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Young men charged for pimping teens

Police are looking for Nicholas Boscoe, 18, who is also known as Nicholas Van Diest. He is accused of luring teenage girls into prostitution. - RCMP photo
Police are looking for Nicholas Boscoe, 18, who is also known as Nicholas Van Diest. He is accused of luring teenage girls into prostitution.
— image credit: RCMP photo

Two young men are facing charges for trying to recruit teenage girls into the sex trade.

Procurement charges were filed last week against David Kevin May, 22, and Nicholas Boscoe, 18, who is also known as Nicholas Van Diest.

“The police investigation alleges the two accused lured two teenaged girls into prostitution,” said Cpl. Alanna Dunlop.

“One of the victims was promised money and other incentives in order to cooperate with the suspects.”

Police learned about the crime by chance on Jan. 24 after the group was involved in a car crash in Surrey on 151st Street at 96th Avenue.

“Some great police work by an alert Surrey RCMP police officer located our victim, and the two accused, and the details were disclosed,” said Dunlop.

The information led police to a house on 123rd Avenue in Maple Ridge, where officers executed a search warrant on Jan. 29.

The RCMP Lower Mainland District Emergency Response Team helped with the search, which resulted in key evidence being located.

Police won’t disclose the age of the victims, just that they are both under 18.

May was arrested and appeared in court on Thursday, March 6. He has been remanded in custody until his next appearance.

The courts have issued a warrant for Boscoe’s arrest, but police need the public’s help to locate him.

Diane Sowden isn’t surprised that a teenage boy and an accomplice, not much older, are being accused of exploiting young girls.

The average age of these men is 25, said Sowden, executive director of Children of the Street Society, a non-profit which works to prevent the sexual exploitation and human trafficking of children and youth in British Columbia.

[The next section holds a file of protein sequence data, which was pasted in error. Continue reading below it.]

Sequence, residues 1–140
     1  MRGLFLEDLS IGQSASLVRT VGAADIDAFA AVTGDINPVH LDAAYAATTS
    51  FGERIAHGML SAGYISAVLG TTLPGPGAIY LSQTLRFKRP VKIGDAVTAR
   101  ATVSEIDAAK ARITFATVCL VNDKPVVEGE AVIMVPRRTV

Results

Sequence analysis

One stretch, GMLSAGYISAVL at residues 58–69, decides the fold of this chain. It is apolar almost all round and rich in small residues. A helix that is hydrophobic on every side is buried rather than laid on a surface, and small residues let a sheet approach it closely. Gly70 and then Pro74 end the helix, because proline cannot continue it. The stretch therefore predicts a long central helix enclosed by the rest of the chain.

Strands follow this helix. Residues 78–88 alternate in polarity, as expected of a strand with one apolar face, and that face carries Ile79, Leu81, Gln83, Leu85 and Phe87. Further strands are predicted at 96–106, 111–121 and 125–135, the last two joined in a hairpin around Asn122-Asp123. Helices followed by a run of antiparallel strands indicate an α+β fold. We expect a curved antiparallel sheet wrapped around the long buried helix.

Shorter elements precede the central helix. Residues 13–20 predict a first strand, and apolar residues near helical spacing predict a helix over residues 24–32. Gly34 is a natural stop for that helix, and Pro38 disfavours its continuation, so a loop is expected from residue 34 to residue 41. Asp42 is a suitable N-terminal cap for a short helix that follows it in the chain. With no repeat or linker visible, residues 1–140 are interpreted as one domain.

Sowden and her family were directly affected by the issue when her daughter was drawn into a life of drug addiction and sexual exploitation at the age of 13.

“The men are at an age that young girls easily believe. They are older but not too much older than the victims,” she added.

Sowden’s organization delivers workshops on the exploitation of teens and she often hears the retort, “this does not happen in our area.”

Sowden stressed that no community is immune.

“It happens in every single community, especially now with technology.”

Sexual exploitation can range from involvement in the sex trade and youth exchanging a sexual act for a place to stay or drugs to family supported exploitation.

Statistics show that between 100,000-300,000 children and youth are sexually exploited throughout North America at any given time.

The key to preventing sexual exploitation is education.

“I’m a very strong believe in awareness,” said Sowden.

“I believe it has to be mandated in schools and should start at a very young age.”

There is no simple cause or explanation for sexual exploitation, but some factors may increase a young person’s risk, including low self-esteem or self worth; previous sexual or physical abuse; mental health issues and a lack of belonging or acceptance with family, peers and school.

Sowden relates an encounter with a young woman who connected on social media with a man in New York. He sent her an airline ticket via cell phone, promising her a three-day long shopping spree to buy designer shoes.

“When I met with her, she had no concept of what was going to happen when she got there,” said Sowden.

“You have to remember we are talking about 14-, 15-, 16-, 17-year-olds. They don’t understand what’s happening.”

Unfortunately, it’s rare to see cases where teens are lured into the sex trade go to trial.

Reza Moazami is first person to be charged with trafficking underage girls in B.C. His trial is currently underway in Vancouver Supreme Court.

Moazami is accused of running an underage prostitution ring with girls as young as 14 years old. Among his 11 victims is a young girl from Maple Ridge.

“The biggest problem is getting a young person to give a statement,” said Sowden, who is hoping the Moazami case is an impetus for change.

Sowden compares the situation of a teen who is being exploited to a person subject to domestic violence.

“When it comes to domestic violence, we as a society have come to understand the reasons why women don’t reach out and give statements because of fear. It’s exactly the same situation with sexual exploitation,” she said.

When it comes to spousal assaults, there are safeguards in place which allow police officers or social workers to make recommendations to Crown without a victim’s statement.

“We are not there with young victims of human trafficking,” said Sowden, explaining that victims must give police a statement before an investigation is sparked.

“We are going to learn a lot through the Moazami case.”

More victims came forward only after Moazami breached his house arrest and was taken into custody.

“That’s because they felt safe to speak out,” said Sowden.

“For someone to speak out, we have to make sure they feel safe.”

• Anyone with any information on the whereabouts of Nicholas Boscoe is asked to call Ridge Meadows RCMP at 604-463-6251.

To remain anonymous, call CrimeStoppers at 1-800-222-8477 or leave a tip online at www.solvecrime.ca. CrimeStoppers will pay a reward of up to $2,000 for information leading to an arrest and conviction.

 

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